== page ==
3 min|Rhiannon Lockhart

5 Foods to Help You Sleep Better


Having trouble catching the right amount of shut eye these days?

According to Statistics Canada, approximately half of the adult Canadian population reports sleep issues. While stress, young children, caffeine intake, and late nights working can impact our sleep, so can our food choices! Keep reading to learn more about the foods that can help you sleep better at night.

5 Foods to Help You Sleep

  1. Fermented foods. This can include sauerkraut, kimchi, kefir, yogurt, tempeh. Fermented foods that are high in beneficial bacteria can help support your body’s production of a neurotransmitter called GABA, which can help anxiety at bay.
  2. Pumpkin seeds. Pumpkin seeds are a great source of magnesium and tryptophan, which can help the body relax.
  3. Turkey. Turkey is another excellent source of the amino acid tryptophan, which is important for our body’s production of melatonin. Another benefit is that protein before bed may help with your quality of sleep.
  4. Passionflower tea. Okay, so this isn’t technically a “food”, but I find it so helpful to get a solid night’s sleep and reduce the number of times clients (and myself) wake up through the night. This may also prove to be helpful if you’re dealing with a dose of jet lag!
  5. Whole grains. This includes foods like oats, buckwheat, barley, bulgar wheat, brown rice and quinoa. Including one portion of these at dinner can help you to fall asleep and stay asleep.

Some extra tips:

  1. If falling asleep ails you, avoid caffeinated foods like chocolate and drinks like cola before bed.
  2. Exercise in the morning! Exercising in the evening can make it difficult to fall asleep at night.
  3. Turn off electronics and bright lights at least one hour before bed.
  4. Keep the phone out of the bedroom! While you might have your phone on silent, the light may impact your quality of sleep.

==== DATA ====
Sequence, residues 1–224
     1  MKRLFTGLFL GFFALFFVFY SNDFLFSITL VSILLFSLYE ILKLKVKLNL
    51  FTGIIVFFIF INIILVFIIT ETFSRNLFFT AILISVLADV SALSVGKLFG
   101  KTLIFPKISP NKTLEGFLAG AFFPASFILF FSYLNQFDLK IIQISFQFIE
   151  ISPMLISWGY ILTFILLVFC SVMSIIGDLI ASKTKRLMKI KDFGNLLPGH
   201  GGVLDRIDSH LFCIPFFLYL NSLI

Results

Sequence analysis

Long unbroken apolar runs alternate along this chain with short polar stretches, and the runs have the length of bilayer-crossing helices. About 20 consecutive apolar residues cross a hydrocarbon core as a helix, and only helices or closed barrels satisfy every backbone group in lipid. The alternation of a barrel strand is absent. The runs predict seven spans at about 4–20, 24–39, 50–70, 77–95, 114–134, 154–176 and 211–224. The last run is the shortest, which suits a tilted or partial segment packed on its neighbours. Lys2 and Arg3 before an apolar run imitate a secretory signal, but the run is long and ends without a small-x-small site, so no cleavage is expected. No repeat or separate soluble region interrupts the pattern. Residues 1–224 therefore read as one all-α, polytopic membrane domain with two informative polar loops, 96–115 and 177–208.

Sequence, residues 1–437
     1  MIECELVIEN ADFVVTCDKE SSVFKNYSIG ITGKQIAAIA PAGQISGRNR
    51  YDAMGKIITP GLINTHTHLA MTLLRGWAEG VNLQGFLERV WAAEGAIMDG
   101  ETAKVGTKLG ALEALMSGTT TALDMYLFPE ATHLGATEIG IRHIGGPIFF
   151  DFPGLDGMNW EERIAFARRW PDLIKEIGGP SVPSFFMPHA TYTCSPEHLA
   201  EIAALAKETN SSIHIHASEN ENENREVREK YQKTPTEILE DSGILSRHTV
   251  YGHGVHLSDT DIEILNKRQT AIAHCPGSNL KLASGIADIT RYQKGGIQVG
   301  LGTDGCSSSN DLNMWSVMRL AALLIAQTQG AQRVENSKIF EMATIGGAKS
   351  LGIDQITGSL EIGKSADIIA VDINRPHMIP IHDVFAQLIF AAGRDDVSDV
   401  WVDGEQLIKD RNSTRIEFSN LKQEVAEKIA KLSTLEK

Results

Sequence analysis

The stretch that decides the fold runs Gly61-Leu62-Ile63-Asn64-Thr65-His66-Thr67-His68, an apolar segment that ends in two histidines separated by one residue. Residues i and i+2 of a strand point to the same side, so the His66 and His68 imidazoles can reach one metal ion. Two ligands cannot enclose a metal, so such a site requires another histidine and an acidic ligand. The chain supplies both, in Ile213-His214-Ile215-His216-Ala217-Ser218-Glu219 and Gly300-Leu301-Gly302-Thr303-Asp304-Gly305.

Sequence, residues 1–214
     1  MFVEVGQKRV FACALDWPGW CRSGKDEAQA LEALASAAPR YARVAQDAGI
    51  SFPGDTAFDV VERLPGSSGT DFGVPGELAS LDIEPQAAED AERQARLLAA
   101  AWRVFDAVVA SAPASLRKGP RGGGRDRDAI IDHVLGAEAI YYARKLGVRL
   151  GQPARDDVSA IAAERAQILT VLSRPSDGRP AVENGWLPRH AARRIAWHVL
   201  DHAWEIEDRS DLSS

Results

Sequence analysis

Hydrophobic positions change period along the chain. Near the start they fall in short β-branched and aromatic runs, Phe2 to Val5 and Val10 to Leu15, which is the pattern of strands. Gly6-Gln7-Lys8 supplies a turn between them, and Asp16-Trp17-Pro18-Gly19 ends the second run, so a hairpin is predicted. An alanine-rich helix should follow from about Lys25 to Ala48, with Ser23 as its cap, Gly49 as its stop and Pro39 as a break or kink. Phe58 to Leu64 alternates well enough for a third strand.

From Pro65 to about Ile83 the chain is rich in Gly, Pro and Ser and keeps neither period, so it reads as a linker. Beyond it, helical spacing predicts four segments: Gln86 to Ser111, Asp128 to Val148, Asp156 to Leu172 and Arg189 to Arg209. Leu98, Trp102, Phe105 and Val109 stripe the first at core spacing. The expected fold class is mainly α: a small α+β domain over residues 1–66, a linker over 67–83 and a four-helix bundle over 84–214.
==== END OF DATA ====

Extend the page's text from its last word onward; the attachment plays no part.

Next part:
5. Avoid alcohol before bed. While we may attribute a glass of wine (or three) to a better night’s sleep, it can actually disrupt our sleep cycles, leaving you more susceptible to waking in the middle of the night and not feeling refreshed the next day.
  6. If you have no trouble falling asleep, but struggle to stay asleep through the night, take inventory of what you consume before bed! There are two reasons staying asleep may be difficult:
    1. You’re eating too much, particularly carbohydrate-rich, food too close to bedtime. If it’s high in refined sugars, you may find it difficult to both fall and stay asleep at night. Have a dinner that’s rich in protein, healthy fats and complex carbohydrates.
    2. You need a pre-bed snack. While fasting a few hours can have many benefits, if you notice you’re waking up every night for no reason, try adding a small, low-carb snack before bed. This could be ¼ avocado with salt, a handful of nuts or a tbsp of nut butter, leftover protein from dinner or a hardboiled egg.

Find out more about how food can help you sleep.
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